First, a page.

From a scientific pespective, sailing is one of the most peculiar modes of transportation ever invented. Powered entirely by the wind, a sailing ship is able to move in a direction contrary to the one in which that very wind is headed. It derives from a balance of forces, some of which you can’t even see.
Consider the case where a captain wishes to take his ship to a harbor in the west, but the wind is blowing towards the east. If he were facing directly into the wind, it would blow him backwards, away from his goal. By facing to the southwest, however, he places his sail at a diagonal to the wind. The wind pressing on this sail tries to push it east, but is opposed by the keel underneath, pressing on the water through which it flows. The only way that ship can move is in the direction it is facing, and so it does.
After a while, however, you find that the ship is headed south of the target, and your southwest progress isn’t getting you any closer to the goal. At this point (or sooner, if you run out of open water), the captain turns to the northwest. Each stretch of diagonal sailing is called a “tack”. No single tack can carry the ship to its intended goal, but taken in sum, she will eventually reach port.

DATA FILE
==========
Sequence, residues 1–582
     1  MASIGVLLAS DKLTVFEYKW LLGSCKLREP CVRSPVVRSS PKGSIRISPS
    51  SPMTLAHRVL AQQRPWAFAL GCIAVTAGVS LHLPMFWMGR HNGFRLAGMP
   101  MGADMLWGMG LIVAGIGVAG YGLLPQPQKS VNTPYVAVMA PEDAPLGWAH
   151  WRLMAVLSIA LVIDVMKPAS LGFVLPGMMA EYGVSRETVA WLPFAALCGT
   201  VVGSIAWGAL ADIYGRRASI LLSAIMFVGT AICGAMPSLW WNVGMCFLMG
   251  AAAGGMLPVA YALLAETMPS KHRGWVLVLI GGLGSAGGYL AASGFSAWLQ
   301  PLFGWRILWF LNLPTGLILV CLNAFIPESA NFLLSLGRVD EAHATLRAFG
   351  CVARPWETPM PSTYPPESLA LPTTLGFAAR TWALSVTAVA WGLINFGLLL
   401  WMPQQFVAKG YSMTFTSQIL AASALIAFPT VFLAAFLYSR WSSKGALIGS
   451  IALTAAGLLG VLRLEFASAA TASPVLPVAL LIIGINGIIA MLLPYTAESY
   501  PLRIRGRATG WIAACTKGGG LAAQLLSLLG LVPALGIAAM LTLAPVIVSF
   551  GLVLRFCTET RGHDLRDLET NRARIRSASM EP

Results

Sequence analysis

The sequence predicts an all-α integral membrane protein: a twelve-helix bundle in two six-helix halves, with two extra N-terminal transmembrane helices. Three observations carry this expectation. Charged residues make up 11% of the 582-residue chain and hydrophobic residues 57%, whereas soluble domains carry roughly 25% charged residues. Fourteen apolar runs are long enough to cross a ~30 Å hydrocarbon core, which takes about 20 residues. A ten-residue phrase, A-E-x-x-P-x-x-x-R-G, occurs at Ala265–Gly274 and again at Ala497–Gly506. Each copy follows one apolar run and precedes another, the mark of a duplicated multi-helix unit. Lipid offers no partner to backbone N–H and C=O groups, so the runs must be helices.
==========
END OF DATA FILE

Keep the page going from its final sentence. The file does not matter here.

The same principle is true in a well-drafted scene. As an author, we want to bring our protagonist from point A to point B. The antagonist opposes this goal, and introduces conflict. Through the twists and turns of your plot, you tack, carrying the reader ever closer to the end of the tale. And the ever-changing view is what makes your story interesting.
This may, in fact, be the one time when it’s a good idea for your story to be tacky.
Photograph of Sloop Reliance from the United States Library of Congress’s Prints and Photographs division under the digital ID det.4a15401 via Wikimedia Commons.
This is a bit of an oversimplification. Depending on the wind, nearby coastal obstructions, and the need for speed, the captain may choose anywhere from a close hauled point of sail (as close as you can go to facing into the wind without stalling out) and a beam reach (which gains you no progress upwind, but may give you lateral room for another tack), but in general one will select a close reach, which is somewhere in between. As a metaphor, however, I find it sufficient.